Challenges Remain for VASPs as Regulators Ready New Round of Policing
International bodies representing virtual asset service providers (VASPs) are braced for a whole new set of regulatory hurdles – and seemingly face a race against time to prepare industry-wide standardization before regulators unleash another barrage of policing measures on crypto exchanges and other industry players next year.
Speaking at a panel session for industry groups at the V20, a summit that brings together regulators and crypto industry players, industry representatives championed the IVMS (interVASP Messaging Standard) 101 standard, a standard data model that VASPs can use when transmitting required originator and beneficiary information on crypto transactions.
The IVMS 101 was put together in an 18-week period following the inaugural V20 meeting with regulators on the fringes of the G20 summit in Osaka last year as a response to the Travel Rule, a key Financial Action Task Force (FATF) recommendation that requires VASPs to abide by financial industry-like Anti-Money Laundering/Combating the Financing of Terrorism (AML/CFT) protocols.
But although V20 attendees were briefed on some of the available Travel Rule solutions available and applauded the masterminds of IVMS 101, panelists appeared under no illusion as to the scale of the regulatory challenge ahead.
David Riegelnig, the Head of Risk Management at Bitcoin Suisse and the President of the OpenVASP Association, warned,
“We need to be aware of the many topics not covered by IVMS, such as how [individual VASPs] can cope with errors and how verification works in each case.”
“As great as it is that we have unifying standards, we need to be aware that the crypto industry is fast-moving, fast developing, and that there are so many different use-cases.”
Siân Jones, a Senior Partner at XREG Consulting and one of the chief architects of the standardization efforts, agreed that there was a need for “a common language and standards” and opined that “an IVMS 2, 3 and 4 may emerge soon,” with a number of proposed amendments and extensions already tabled for discussion later today – and in the months ahead.”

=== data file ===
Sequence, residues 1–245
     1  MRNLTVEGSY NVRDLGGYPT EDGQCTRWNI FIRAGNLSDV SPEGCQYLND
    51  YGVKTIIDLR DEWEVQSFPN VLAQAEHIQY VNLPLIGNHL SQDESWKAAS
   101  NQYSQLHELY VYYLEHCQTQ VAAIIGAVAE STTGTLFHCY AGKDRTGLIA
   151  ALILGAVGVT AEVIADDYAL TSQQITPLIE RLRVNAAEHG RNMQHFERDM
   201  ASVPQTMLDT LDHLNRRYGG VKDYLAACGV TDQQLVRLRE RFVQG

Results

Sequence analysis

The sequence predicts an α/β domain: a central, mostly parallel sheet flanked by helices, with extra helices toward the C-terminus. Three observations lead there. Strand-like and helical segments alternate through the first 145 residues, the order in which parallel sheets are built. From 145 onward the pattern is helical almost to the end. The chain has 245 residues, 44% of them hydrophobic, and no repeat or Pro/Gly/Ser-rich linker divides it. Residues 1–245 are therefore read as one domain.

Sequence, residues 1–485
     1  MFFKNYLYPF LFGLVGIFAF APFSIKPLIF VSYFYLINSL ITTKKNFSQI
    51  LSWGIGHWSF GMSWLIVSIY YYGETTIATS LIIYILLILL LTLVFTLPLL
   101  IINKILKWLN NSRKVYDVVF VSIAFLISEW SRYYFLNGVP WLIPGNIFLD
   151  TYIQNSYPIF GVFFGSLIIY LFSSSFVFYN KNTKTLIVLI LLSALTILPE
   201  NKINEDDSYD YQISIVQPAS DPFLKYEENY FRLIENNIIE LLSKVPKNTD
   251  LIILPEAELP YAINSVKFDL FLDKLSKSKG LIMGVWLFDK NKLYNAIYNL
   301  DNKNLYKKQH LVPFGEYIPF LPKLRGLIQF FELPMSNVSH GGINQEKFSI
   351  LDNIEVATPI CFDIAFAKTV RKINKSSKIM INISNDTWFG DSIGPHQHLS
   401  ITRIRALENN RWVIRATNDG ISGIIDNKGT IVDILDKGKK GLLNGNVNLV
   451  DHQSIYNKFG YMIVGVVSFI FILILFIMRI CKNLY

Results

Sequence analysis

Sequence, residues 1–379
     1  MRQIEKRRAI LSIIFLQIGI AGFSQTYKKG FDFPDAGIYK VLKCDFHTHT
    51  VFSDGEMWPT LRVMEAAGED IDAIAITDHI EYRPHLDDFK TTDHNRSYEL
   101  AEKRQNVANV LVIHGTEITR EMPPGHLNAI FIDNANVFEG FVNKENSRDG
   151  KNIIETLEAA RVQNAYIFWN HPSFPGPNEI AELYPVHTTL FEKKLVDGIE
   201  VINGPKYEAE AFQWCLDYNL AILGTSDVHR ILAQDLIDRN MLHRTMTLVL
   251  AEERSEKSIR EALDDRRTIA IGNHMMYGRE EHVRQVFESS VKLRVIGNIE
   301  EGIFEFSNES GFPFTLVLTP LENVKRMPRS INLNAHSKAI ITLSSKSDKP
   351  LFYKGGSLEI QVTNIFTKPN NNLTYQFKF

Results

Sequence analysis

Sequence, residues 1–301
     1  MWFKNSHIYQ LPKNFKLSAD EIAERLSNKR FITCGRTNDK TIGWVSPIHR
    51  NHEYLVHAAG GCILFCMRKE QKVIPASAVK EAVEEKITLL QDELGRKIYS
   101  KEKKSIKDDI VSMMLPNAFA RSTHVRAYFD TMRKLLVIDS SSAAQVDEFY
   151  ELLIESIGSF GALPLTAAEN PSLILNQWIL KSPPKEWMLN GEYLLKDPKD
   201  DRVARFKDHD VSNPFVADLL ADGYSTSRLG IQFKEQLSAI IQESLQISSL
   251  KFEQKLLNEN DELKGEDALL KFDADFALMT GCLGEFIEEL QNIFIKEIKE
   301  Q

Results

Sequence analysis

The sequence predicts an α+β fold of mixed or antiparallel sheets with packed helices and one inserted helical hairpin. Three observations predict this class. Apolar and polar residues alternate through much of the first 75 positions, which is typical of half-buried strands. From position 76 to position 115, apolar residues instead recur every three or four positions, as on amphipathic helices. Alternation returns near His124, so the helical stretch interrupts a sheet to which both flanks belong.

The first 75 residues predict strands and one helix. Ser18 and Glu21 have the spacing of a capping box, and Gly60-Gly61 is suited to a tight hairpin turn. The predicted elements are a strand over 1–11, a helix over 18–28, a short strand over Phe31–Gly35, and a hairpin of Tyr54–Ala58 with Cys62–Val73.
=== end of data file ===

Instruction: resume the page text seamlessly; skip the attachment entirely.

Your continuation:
Crypto industry insiders are already bracing for the worst after the FATF spoke earlier this week about its plans to potentially issue a brand new, updated set of guidelines in June 2021, with peer-to-peer platforms set to fall under the spotlight.
“The industry has shown that it could collaborate in ways it has not previously done. […] But there is a wider need for a single, overarching voice – that will help [the industry] engage with FATF and other multinational organizations in an infinitely more powerful manner.”
But Dave Jevans, the Chief Executive Officer at Ciphertrace and the Chair of the Travel Rule Information Sharing Alliance, had a starker warning, stating,
“Five years from now, we will be facing other [regulatory] issues pertaining to non-custodial wallets, private wallets and more – if they are going to be regulated, it will be massive. It will make the work done over [recent] months look like child’s play.”
Andrew Davidson, the Head of Architecture & Strategy at Asian brokerage OSL and the Chair of the Travel Rule Protocol Working Group, another industry group of crypto players preparing for Travel Rule compliance, opined that the “biggest challenge” was still the “sunrise issue,” whereby countries are set to implement the Travel Rule months or even years apart.
Davidson added that it was “important to make sure we don’t go too far off the beaten path” with standardization as regulations “may change in the future.”
And Malcolm Wright, the Chair of the Advisory Council at the Global Digital Finance standardization group, stated that the “next layer” of his and the other groups’ work would need to focus on “how to operationalize within the timeframe of June next year.”
He identified three action areas, namely,
1. A global VASP directory needed, to help parties understand if other VASPs are licensed; what protocols they use. This needs to be frictionless for customers; and perhaps standardization is needed here too?
2. A data security standard – what happens to data after it has been sent from A to B? How do customers know their data is secure and encrypted? Parties need to ensure that data transmission and storage protocols are equally secure.
3. Improved screening for sanctions – a set of best-practice guidelines may be needed here, rather than a set of standards.
The V20 summit concludes later today.
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